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Patty Stoll, senior director and division manager for ILC Dover’s space systems division, stands with a suit made at ILC Dover in Frederica, Delaware for the Apollo mission. (Mark Eichmann/WHYY)

The tiny central Delaware town of Frederica seems light years away from those hubs of the space industry, Kennedy Space Center at Cape Canaveral in Florida and Johnson Space Center in Houston, Texas. But amid the cornfields of rural Kent County, workers at ILC Dover’s manufacturing facility have stitched and sewn their way to becoming a major player in outfitting astronauts.

When Neil Armstrong stepped out of the lunar lander 50 years ago this week, he was wearing a spacesuit built by ILC Dover.

“It’s an exciting time for us,” said Patty Stoll, senior director and division manager for the company’s space systems division. “It’s great to be celebrating the Apollo 11 moon landing, the 50th anniversary with our employees here.”

They looked back on the company’s history Thursday afternoon with a celebration of the lunar landing. The moonwalk by Armstrong and Buzz Aldrin was the ultimate test for ILC Dover’s  product.

“You’re saving life, you’re protecting human life. Just one little thing can go wrong and that person can die, and that’s catastrophic, not just for them, but for their family,” Stoll said.

ILC Dover still provides NASA with spacesuits, including the ones astronauts wear when performing work outside the International Space Station.

“I think it’s really a sense of pride for Delaware and Frederica and Dover,” she said. “Everybody should feel pride that they’re made here.”

With more private firms planning and testing commercial space flights, and NASA looking toward returning astronauts to the moon and maybe even to Mars, ILC Dover is counting on coming along for those journeys as well.

“I kind of call it the new space race. And it’s very exciting,” Stoll said. “I would say this is the most exciting time, not just because of Apollo 11, I think that’s brought awareness to commercial space flight, but commercial space flight really opens up the universe to like, all of humanity really.”

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ILC Dover’s next generation spacesuits Sol (left) and Astro are designed for both NASA’s return mission to the moon as well as commercial space flights. (ILC Dover photo)

The company recently unveiled designs for the next generation of spacesuits it hopes NASA and commercial firms will be able to use.

“Anybody can build a suit, but we’re the only ones that have built a suit that’s been on the moon and without any critical failure, so that’s a big deal,” she said.

The company has designed a launch/entry/abort suit called Sol that’s designed to be worn during launch and landing.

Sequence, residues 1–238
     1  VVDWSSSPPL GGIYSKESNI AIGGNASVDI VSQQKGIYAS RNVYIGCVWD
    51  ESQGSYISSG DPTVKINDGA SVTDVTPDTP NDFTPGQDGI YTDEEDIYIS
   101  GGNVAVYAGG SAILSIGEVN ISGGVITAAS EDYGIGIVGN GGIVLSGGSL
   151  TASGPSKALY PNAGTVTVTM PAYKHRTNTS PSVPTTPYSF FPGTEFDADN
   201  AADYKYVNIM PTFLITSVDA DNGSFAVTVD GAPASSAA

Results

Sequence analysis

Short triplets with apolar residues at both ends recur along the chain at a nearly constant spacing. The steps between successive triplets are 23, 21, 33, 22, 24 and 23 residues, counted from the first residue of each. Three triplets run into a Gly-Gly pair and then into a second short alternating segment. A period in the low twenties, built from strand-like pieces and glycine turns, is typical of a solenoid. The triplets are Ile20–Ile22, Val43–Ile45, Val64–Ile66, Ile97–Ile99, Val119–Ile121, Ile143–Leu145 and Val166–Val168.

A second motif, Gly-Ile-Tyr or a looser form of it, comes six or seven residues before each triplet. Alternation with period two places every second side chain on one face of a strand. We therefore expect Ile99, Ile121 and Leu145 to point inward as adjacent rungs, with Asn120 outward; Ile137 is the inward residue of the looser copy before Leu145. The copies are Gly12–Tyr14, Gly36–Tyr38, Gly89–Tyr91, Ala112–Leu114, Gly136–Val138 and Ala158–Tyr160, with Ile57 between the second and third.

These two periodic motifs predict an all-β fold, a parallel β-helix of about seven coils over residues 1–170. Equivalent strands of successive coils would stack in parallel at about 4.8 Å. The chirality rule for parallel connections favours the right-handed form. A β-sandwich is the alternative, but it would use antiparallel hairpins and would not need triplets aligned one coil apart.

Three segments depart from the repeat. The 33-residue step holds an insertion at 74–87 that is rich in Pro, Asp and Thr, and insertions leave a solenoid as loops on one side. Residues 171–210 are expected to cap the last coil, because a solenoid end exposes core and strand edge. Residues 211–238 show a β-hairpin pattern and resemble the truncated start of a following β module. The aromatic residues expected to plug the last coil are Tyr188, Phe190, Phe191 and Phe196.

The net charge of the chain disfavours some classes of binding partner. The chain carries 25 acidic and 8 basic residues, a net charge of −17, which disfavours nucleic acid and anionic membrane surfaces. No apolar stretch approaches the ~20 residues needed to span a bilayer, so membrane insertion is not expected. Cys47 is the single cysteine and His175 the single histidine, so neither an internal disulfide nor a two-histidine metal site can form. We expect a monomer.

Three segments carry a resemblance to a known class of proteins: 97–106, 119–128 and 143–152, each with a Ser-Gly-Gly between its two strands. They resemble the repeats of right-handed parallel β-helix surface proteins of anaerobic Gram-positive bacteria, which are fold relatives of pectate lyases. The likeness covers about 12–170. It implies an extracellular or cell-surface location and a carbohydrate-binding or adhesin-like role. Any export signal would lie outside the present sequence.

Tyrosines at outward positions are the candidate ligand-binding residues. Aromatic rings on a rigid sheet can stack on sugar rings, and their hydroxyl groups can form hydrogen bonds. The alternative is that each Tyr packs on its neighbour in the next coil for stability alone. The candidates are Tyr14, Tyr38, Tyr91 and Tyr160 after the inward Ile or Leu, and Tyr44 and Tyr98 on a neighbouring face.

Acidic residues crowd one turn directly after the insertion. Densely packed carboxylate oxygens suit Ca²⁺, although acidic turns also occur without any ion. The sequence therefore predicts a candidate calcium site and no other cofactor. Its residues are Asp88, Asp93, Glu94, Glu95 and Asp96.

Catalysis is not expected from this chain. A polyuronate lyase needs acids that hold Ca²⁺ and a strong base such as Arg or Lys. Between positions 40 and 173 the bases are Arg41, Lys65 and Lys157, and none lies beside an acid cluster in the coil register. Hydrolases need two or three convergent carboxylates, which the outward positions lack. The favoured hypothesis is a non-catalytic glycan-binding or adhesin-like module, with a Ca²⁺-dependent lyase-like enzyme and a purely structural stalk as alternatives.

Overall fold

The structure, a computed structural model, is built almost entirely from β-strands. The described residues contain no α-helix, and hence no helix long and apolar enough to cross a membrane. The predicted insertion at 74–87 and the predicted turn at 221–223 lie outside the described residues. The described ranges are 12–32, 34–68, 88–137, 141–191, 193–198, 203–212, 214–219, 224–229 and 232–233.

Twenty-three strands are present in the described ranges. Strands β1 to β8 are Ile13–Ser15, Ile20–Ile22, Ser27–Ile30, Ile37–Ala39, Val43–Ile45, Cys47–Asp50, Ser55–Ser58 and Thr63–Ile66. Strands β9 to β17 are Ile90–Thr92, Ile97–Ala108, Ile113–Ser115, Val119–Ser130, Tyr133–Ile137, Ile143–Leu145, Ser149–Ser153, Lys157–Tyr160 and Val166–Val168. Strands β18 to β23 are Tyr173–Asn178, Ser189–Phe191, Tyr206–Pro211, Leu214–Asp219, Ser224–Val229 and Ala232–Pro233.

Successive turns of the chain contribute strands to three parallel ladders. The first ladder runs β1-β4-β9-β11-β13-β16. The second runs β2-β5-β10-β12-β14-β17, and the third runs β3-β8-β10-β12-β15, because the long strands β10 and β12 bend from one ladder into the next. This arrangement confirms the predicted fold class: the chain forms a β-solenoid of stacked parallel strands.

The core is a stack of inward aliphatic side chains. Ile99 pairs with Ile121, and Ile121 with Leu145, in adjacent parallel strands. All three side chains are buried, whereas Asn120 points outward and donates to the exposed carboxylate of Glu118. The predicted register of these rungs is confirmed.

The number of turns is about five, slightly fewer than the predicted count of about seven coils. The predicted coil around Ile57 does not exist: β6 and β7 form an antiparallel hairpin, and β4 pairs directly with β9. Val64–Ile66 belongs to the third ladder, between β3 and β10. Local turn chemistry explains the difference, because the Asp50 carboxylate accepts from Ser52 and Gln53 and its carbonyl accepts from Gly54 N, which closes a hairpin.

The Astro suit would be used for when astronauts venture outside the confines of their spaceship.

“That suit protects human life in space, and if we go to the moon and Mars, our suit will give you the [flexibility] to if you just wanted to do a spacewalk on the International Space Station or any commercial space station that may be up there.”

Stoll is hopeful the company will be selected by NASA and multiple commercial operators to outfit future space travelers.

“We’re really excited about the technology and we’re really hoping that NASA will notice it and that we’ll be able to help them, and then anybody else who’s going to be in the commercial space industry,” she said.

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This space shuttle-era suit on display at Gore’s facility in Newark was built using some of the company’s fiber technology. (Mark Eichmann/WHYY)

Farther north, near Newark, W.L. Gore & Associates Inc. is also commemorating the success of its products on the moon half a century ago. Among the equipment Armstrong and Aldrin carried onto the moon’s surface was a seismograph to measure moonquakes. The equipment was connected to the lander via a copper cable designed by Gore to withstand the harsh lunar surface.

“There was a cable that extended all the way from the lunar lander out to this equipment, and it was unrolled across the surface of the moon, and that was facing pretty tough environments,” said Dave Liss, global business leader at Gore. “You had to handle abrasion, you had to handle temperature changes, you had to handle the high performance data transfer, and high-speed data transfer that was going on, and that’s actually consistent through many of our products.”

Additional Gore cables were used in computer systems the astronauts needed to navigate from the moon back to their capsule in orbit. NASA used other Gore materials in the command center back on Earth.

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This cable built by the Delaware-based Gore company connected the lunar lander to seismographic equipment during the Apollo 11 mission in 1969. (Gore photo)

“We’re really proud to be a part of the Apollo missions,” Liss said. “That sort of launched our positioning in space.”

Since Apollo, Gore materials have been used in spacecraft, and especially in satellites currently in orbit.

“We were involved in all the different generations of GPS spacecraft, in fact, some of the portions of the spacecraft where all the signal travels from the antenna back to earth goes through our cable,” he said.

Looking to the future, the company’s products will likely play an integral role for both NASA and commercial flights back to space.

“Space flight business is doing really well for us,” Liss said, “and we’re excited for the future.”

WHYY is the leading public media station serving the Philadelphia region, including Delaware, South Jersey and Pennsylvania. This story originally appeared on WHYY.org.